There are over 200 strains of the common cold and flu viruses. Over an average lifetime, there will be times when exposure to these numerous viruses is heightened, for example when you’re travelling, work in a busy place, or if you care for young children who tend to be good at picking up and sharing their germs. If you’re exposed to new strains of viruses, the likelihood is that you may come down with a cold.1
It's not uncommon for children and toddlers to develop colds every few weeks but as their immunity develops with age, the frequency of developing viruses will reduce to around two to three colds per year.2
The symptoms are the same in both adults and children. Sometimes symptoms last longer in children.
It's not uncommon to go through a period of months having lots of new infections after getting physically and mentally overtired, which can result in heavy colds or flu-like illnesses. This, in turn, causes the immune system to run on empty.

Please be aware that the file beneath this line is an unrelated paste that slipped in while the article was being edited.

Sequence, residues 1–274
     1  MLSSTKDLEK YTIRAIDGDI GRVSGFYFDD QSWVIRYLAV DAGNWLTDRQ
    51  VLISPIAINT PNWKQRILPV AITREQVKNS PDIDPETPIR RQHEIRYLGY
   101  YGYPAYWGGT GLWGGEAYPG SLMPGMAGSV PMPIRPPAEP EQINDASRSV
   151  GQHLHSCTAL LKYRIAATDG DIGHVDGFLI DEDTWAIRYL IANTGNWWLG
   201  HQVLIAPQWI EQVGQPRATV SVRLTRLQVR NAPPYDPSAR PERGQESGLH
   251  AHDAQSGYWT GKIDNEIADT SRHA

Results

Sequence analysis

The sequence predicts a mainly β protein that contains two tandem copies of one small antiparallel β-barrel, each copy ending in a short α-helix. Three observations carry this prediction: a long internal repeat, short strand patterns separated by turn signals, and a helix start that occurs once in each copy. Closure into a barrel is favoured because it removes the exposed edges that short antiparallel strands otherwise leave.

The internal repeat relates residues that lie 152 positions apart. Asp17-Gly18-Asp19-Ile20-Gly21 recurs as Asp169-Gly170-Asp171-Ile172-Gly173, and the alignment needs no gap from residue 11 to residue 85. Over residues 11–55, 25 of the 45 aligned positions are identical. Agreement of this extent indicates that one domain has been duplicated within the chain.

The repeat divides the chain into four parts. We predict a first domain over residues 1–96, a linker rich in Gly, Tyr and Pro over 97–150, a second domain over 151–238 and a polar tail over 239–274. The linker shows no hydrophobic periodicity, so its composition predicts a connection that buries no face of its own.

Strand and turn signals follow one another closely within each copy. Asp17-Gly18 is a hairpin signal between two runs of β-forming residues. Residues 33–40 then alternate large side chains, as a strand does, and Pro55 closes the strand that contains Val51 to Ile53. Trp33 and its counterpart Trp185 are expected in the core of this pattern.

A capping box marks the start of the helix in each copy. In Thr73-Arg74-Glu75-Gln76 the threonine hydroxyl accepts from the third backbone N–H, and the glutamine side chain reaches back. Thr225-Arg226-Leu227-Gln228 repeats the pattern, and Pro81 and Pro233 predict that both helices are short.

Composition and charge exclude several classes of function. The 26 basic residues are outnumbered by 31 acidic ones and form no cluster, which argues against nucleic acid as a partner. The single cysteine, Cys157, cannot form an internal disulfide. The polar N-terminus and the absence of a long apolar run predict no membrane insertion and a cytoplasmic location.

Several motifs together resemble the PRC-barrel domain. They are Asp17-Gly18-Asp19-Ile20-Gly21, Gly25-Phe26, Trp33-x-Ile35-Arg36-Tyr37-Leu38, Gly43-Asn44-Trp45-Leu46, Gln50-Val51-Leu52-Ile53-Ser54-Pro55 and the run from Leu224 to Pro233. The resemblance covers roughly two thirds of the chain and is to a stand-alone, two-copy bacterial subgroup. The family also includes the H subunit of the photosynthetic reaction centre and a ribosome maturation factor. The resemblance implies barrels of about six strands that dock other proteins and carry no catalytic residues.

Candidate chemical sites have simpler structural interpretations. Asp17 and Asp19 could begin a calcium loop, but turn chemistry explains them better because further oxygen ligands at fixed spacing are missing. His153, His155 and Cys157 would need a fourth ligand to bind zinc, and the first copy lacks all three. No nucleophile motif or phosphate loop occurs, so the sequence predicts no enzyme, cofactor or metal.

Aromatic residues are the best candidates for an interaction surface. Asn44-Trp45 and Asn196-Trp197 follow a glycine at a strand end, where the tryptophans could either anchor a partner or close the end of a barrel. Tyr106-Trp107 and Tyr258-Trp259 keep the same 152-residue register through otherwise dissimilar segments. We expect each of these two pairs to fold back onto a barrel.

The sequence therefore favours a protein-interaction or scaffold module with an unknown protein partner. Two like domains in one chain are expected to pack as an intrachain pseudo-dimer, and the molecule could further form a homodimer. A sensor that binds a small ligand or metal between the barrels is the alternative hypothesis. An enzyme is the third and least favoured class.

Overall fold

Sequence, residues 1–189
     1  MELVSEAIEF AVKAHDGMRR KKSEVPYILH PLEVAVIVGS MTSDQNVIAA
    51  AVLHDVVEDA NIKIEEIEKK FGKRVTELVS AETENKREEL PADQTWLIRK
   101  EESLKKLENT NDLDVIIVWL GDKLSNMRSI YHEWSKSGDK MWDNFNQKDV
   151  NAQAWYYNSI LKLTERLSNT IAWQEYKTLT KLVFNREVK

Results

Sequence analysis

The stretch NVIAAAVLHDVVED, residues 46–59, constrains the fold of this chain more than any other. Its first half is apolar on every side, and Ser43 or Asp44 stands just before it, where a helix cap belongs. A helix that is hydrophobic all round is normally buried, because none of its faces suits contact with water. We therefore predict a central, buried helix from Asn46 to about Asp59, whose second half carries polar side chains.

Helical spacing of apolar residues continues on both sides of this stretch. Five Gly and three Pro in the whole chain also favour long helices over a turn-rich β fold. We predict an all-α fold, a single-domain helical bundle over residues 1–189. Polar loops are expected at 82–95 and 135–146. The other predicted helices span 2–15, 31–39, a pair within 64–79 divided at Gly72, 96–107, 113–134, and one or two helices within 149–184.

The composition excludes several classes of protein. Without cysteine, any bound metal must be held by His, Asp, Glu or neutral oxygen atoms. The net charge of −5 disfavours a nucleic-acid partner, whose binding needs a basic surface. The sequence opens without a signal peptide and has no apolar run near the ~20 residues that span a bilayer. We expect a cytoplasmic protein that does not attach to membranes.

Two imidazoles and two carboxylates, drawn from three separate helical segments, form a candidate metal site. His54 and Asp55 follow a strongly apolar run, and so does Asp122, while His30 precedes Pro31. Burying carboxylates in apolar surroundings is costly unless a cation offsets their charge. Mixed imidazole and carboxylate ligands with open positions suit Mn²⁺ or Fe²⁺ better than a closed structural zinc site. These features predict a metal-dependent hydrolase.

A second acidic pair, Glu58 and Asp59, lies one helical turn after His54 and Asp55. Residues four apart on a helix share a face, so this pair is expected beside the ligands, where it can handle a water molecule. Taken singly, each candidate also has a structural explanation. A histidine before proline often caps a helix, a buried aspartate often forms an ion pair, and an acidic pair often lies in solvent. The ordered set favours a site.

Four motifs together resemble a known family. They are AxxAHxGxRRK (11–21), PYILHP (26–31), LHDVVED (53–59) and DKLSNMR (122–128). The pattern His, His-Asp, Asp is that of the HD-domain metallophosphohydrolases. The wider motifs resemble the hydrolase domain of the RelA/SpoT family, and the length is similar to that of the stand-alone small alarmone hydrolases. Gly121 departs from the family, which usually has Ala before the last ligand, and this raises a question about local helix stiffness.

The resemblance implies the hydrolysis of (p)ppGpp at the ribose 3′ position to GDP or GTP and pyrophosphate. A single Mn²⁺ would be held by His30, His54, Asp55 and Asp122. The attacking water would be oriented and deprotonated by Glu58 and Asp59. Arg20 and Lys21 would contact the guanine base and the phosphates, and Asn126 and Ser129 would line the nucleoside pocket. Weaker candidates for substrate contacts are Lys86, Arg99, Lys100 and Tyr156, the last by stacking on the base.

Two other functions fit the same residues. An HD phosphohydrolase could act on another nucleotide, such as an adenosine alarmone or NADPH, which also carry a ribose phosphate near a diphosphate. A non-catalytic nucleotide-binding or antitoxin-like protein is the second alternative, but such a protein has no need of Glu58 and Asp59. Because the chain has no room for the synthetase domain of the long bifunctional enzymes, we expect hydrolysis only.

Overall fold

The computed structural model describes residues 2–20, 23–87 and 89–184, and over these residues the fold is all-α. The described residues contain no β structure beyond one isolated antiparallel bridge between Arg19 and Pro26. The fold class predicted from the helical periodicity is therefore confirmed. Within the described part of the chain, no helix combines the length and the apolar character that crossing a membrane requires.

• Cold and flu are viruses and generally do not respond to antibiotic therapies.
• Symptoms do not improve after 3 weeks
• Symptoms suddenly worsen
• You have a very high temperature, and you feel hot and shivery
• You feel short of breath or develop chest pain
• You have an underlying medical condition- Asthma, COPD, Kidney Disease, Diabetes, pregnancy etc.
• You have a weakened immune system.
• You are concerned about your child because they are displaying symptoms such as high fever, very lethargic and drowsy/ unresponsive, very pale, have a rapid and irregular respiratory rate and are showing signs of dehydration (NICE traffic light guidelines)
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1 - Common Cold - NHS
2 - Feverish Children - NICE
This information has been put together by our medical team, who are there to help you with any issues or initial concerns about your or your family’s physical or mental health. To the best of our knowledge the health information is current at the time of writing.
However, it’s important to remember that it shouldn’t replace any qualified medical advice you may have received from your doctor, be used to self-diagnose or recommend a course of treatment. For treatment and medication, please talk to your doctor who’ll be able to give you advice tailored to your own treatment needs.
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